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Should Hofstra adopt a limit on sugary beverage sizes?

By Ronny O'LearyColumnist

New York City Mayor Michael Bloomberg’s limit on sugary beverage sizes, widely known as the “soda ban,” was struck down by the state Supreme Court on March 11. Despite the ruling, some cities have considered implementing policies similar to the one posed in New York City. This raises an interesting question: should we adopt a limit on the size of sugary beverages here at Hofstra? There is currently no proposal for such action, but the question is important in light of recent events. My answer is an absolute and unequivocal “no.”

Let me first stress that I do not drink sugary beverages; I do not like them, and I know how unhealthy they are. However, I do respect other people’s right to consume such beverages. If self-ownership means anything, it means the right to consume unhealthy foods despite possible negative consequences to one’s own body.

College is supposed to be a place where we learn responsible behavior, and rights and responsibility are two sides of the same coin. If you are supposed to take responsibility for your well being, you should have the right to make decisions freely. The University would be justified in regulating behavior that could harm others, but buying sugary beverages surely would not fall under this category.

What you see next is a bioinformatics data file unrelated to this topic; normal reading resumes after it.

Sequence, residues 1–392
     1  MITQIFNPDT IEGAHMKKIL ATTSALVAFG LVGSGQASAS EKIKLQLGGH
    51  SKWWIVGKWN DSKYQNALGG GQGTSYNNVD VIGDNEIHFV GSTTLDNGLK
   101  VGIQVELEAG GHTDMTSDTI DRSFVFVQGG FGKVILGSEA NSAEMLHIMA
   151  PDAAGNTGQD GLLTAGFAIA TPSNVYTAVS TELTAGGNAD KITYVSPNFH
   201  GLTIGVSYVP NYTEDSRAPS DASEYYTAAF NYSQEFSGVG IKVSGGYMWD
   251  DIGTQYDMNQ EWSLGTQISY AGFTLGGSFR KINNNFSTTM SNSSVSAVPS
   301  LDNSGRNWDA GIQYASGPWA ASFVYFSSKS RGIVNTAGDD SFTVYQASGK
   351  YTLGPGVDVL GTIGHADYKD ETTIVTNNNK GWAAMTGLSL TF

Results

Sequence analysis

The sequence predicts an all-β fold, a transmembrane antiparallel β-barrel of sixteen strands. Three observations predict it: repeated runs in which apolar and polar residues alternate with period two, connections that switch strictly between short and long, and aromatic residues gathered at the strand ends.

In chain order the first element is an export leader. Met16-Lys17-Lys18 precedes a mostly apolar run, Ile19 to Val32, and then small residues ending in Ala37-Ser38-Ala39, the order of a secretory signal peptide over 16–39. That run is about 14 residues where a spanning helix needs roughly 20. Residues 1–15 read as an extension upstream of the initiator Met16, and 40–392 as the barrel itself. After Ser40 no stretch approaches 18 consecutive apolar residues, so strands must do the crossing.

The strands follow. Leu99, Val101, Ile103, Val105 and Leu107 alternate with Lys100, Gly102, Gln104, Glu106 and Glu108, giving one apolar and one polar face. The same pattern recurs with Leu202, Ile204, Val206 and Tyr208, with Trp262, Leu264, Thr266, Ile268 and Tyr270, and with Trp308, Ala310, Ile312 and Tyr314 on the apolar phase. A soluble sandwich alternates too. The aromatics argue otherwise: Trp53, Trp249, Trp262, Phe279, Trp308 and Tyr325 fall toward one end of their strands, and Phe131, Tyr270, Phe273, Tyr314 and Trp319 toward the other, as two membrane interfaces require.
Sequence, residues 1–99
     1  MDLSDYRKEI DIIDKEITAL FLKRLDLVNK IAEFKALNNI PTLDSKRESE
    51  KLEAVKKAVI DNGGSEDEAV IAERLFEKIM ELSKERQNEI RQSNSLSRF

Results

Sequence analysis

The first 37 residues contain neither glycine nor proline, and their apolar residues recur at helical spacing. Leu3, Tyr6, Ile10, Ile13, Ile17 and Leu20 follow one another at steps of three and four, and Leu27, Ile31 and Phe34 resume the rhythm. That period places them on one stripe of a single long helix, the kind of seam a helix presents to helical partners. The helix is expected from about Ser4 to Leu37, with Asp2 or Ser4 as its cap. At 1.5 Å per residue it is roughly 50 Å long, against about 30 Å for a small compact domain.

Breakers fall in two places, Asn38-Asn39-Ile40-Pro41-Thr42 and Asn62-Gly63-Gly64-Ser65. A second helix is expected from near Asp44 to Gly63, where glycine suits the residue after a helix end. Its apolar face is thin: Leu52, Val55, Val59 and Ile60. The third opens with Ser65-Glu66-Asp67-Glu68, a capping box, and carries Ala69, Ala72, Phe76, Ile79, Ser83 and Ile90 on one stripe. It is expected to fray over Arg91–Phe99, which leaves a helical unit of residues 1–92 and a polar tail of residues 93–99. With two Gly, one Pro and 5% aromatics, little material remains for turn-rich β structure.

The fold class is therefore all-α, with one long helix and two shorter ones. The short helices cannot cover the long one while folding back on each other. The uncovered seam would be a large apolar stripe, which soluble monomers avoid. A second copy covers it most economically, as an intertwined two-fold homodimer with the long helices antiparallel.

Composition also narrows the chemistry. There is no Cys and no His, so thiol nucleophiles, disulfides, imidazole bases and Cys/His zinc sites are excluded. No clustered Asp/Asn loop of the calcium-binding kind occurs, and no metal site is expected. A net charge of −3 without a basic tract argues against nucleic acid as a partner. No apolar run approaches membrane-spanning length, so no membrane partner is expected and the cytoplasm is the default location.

Even setting aside the morality of this hypothetical ban, such a policy would not be practical because it would affect all students, whether or not they drink such beverages.

Firstly, it would limit the options of students who want a convenient source of energy. Many students say that sugary beverages keep them going through long study sessions. While I do not share their opinions, I understand that students pulling all-nighters may desire a quick energy boost. Limiting the size of beverages would harm these students financially. If large sodas were banned, then people would need to spend even more money to buy the same amount in smaller servings.

Additionally, the ban could be a financial disaster for students who do not drink soda. Sodas in the Student Center are quite expensive; a 12-ounce serving costs almost $2. A ban on large sodas might cause Lackman to lose money and need to raise prices on other foods in order to compensate for the loss. Therefore, the ban would be counterproductive, since it would raise the price of healthy foods. Thus, not only would the ban harm students financially, but it would also fail to achieve its assumed goal of promoting public health.

Limits on the size of sugary beverages at Hofstra would be harmful to students. So far, there is no proposal to implement such a policy, and hopefully, it will stay that way. We do not need restrictions placed on us to know what we should and should not consume.

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